The Financial Crimes Enforcement Network (FinCEN) got a whiff of the fact that financial institutions provide services to burgeoning marijuana-related businesses and published guidance to clarify customer due diligence expectations and reporting requirements for financial institutions. Baked into the unusual guidance, dated February 14, 2014, is the government’s tacit acknowledgement that financial institutions can provide services to these businesses, even though federal law prohibits their activities.
Background. The Controlled Substances Act (CSA) makes it illegal under federal law to manufacture, distribute or dispense marijuana. Despite the federal ban, 20 states and the District of Columbia have legalized varying levels of marijuana-related activity. Federal banking regulators now face an unusual dilemma: how can interactions of financial institutions – like banks, money services businesses, broker-dealers, and investment companies – be legal with businesses that are illegal under federal law?
FinCEN writes the rules and regulations that financial institutions must follow to help protect the U.S. financial system from money laundering and terrorist financing. FinCEN implements the requirements of the Bank Secrecy Act (BSA), which is designed to help the federal government detect and prevent money laundering. Among other things, FinCEN regulations require financial institutions to file a “Suspicious Activity Report” (SAR) when it suspects that a transaction, or series of transactions, involves illicit financial activity.
BSA reporting requirements unaffected by state law. The guidance reminds financial institutions that their reporting obligations under the BSA with respect to financial transactions involving marijuana-related businesses continue, even though the activities are now legal under state law. The guidance clarifies how financial institutions can provide services to marijuana-related business in a manner consistent with their obligations under the BSA.
Reconciling conflicting laws. FinCEN reconciled the inconsistencies between state and federal law with respect to the legality of marijuana sales with a bit of smoke and mirrors. If a financial institution provides services to a business that does not implicate a set of enumerated priorities (for example, preventing the sale of marijuana to a minor, or financing terrorist activities), the financial institution must file a “Marijuana Limited” SAR, containing limited information, even though the activity is legal under state law. If it suspects that the business is engaged in some of the enumerated “priority” activities, the financial institution must file a full SAR. The enumerated activities are contained in an August 29, 2013 guidance published by the Department of Justice to U.S. Attorneys regarding marijuana enforcement (popularly known as the so-called “Cole Memo”).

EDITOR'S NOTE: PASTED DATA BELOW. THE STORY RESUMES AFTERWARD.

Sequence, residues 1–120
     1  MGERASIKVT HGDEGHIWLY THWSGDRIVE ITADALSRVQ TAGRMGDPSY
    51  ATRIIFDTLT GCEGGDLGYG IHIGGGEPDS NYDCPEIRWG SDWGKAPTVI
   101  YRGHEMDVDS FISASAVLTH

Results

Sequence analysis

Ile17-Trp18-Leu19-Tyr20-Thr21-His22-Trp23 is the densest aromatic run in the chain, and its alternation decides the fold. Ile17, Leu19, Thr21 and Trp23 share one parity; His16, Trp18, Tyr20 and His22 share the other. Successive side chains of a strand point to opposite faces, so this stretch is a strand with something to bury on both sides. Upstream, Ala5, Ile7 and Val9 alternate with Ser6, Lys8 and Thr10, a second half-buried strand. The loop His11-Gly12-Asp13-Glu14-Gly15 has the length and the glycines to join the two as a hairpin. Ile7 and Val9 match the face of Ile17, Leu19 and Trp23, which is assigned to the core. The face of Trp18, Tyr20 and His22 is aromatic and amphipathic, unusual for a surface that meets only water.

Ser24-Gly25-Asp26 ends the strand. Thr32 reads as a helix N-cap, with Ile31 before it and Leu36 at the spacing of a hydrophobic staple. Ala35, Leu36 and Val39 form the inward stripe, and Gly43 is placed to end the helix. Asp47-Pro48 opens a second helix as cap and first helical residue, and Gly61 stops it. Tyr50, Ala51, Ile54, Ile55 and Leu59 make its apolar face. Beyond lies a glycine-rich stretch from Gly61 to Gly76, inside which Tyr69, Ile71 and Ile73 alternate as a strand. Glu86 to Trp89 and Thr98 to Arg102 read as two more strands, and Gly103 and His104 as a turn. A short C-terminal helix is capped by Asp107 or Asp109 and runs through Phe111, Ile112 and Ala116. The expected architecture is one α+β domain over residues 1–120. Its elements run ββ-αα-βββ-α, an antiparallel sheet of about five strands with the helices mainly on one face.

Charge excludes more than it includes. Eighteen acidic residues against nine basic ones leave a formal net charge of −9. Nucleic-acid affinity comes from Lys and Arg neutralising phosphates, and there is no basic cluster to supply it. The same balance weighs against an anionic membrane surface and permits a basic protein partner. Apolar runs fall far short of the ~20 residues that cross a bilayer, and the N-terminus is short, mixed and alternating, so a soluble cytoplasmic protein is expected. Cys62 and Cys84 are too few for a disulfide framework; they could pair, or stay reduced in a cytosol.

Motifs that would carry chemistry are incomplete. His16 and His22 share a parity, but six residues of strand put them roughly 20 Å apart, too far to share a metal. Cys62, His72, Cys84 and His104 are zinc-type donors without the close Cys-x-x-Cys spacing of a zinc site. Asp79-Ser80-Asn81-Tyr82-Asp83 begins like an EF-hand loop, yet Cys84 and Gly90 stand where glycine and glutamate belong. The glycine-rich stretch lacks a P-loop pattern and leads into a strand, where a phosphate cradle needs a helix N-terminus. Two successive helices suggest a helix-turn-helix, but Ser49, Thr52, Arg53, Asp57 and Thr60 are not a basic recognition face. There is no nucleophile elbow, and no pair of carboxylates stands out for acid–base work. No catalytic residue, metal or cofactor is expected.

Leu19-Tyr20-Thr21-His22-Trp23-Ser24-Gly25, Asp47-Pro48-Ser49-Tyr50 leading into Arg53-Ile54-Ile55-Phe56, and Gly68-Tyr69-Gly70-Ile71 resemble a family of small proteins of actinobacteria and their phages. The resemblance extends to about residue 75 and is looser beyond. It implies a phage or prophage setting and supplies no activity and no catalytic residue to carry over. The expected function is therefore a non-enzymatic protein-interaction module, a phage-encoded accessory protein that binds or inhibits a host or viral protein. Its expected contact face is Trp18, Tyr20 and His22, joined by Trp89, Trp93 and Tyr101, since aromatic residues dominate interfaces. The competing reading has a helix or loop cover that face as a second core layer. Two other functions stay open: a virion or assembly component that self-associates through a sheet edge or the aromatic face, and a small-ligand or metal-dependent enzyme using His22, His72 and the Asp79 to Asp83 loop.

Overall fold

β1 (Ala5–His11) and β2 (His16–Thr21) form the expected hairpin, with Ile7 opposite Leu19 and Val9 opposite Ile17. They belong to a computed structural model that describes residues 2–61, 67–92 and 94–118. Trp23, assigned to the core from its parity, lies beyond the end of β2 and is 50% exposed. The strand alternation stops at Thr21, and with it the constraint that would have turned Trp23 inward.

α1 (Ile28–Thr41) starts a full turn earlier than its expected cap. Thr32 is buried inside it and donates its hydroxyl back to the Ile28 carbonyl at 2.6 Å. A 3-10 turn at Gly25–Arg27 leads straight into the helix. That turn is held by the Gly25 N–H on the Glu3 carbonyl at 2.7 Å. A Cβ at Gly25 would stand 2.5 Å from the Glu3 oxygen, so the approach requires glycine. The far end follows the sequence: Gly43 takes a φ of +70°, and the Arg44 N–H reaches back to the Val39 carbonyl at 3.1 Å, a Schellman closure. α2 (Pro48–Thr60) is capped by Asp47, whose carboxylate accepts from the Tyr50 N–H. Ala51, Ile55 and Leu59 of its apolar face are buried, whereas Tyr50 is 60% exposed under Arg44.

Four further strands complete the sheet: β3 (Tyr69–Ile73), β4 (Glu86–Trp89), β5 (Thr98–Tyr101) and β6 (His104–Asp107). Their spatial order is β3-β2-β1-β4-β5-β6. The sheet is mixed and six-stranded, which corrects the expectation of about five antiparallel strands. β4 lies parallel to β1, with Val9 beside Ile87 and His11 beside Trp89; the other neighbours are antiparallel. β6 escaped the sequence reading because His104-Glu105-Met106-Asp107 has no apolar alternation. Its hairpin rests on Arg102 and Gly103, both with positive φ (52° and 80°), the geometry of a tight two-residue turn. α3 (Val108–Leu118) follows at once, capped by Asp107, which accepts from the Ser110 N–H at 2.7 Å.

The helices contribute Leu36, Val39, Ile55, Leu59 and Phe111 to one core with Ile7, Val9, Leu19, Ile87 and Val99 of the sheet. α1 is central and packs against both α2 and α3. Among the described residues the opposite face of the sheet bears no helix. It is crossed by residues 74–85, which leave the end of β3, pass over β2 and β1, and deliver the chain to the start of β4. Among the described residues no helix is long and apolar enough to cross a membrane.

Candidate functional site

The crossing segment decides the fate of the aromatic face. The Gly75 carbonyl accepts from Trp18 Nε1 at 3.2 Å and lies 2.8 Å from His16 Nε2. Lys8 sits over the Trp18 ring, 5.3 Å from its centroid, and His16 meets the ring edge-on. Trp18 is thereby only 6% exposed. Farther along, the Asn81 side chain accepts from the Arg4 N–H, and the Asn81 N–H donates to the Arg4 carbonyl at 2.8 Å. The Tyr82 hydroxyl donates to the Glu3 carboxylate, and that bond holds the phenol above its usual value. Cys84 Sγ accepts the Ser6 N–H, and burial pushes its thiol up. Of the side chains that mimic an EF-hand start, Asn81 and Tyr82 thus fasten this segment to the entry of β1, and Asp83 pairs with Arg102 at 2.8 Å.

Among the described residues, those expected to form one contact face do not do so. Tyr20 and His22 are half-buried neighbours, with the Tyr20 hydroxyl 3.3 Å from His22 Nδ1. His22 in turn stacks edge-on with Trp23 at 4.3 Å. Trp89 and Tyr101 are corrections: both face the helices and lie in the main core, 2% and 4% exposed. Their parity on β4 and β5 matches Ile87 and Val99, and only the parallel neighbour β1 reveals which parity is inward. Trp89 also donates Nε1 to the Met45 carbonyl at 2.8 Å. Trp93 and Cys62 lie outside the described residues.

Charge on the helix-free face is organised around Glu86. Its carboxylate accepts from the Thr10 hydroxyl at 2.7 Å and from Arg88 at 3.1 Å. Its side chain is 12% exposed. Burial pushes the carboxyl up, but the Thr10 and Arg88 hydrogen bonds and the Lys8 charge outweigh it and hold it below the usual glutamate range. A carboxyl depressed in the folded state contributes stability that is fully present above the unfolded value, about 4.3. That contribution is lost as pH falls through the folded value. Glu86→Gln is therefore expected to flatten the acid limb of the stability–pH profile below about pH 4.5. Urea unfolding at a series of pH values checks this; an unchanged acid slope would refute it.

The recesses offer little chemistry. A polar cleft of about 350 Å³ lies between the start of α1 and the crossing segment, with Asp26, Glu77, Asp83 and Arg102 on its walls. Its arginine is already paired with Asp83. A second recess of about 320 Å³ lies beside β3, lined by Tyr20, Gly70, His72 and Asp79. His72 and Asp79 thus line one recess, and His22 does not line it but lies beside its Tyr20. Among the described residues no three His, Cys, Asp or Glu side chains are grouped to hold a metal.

FinCEN’s apparent goal is to collect information on transactions with businesses that are legal under state law, and weed out transactions that are high on FinCEN’s list of “priority” activities.
Broker-dealers and investment companies that establish accounts with marijuana-related businesses should review their know-your-customer procedures to ensure that they comply with FinCEN’s guidance. They should conduct due diligence efforts. Among other things, financial institutions should:
Verify with state authorities that the business is properly licensed and registered;
Request from state licensing and enforcement authorities information about the business and related parties;
Understand the normal and expected activity for the business, including the types of products to be sold and the customers served (e.g., medical versus recreational customers);
Conduct ongoing monitoring of publicly available sources for adverse information about the business and related parties; and
Conduct ongoing monitoring for suspicious activity, including the red flags described in the guidance.
In any event, financial institutions should think twice before engaging in transactions with a marijuana-related business, which may violate federal law, even though the Department of Justice or a federal banking regulator, as a matter of policy, chooses not to prosecute.